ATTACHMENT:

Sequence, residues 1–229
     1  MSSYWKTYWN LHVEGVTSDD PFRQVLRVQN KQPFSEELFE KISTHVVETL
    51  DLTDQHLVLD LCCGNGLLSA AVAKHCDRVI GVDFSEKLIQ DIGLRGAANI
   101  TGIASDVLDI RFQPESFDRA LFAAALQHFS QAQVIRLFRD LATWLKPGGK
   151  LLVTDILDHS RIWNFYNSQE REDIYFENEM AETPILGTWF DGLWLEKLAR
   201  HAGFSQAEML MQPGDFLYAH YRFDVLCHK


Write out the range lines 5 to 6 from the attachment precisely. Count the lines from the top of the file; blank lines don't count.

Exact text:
   151  LLVTDILDHS RIWNFYNSQE REDIYFENEM AETPILGTWF DGLWLEKLAR
   201  HAGFSQAEML MQPGDFLYAH YRFDVLCHK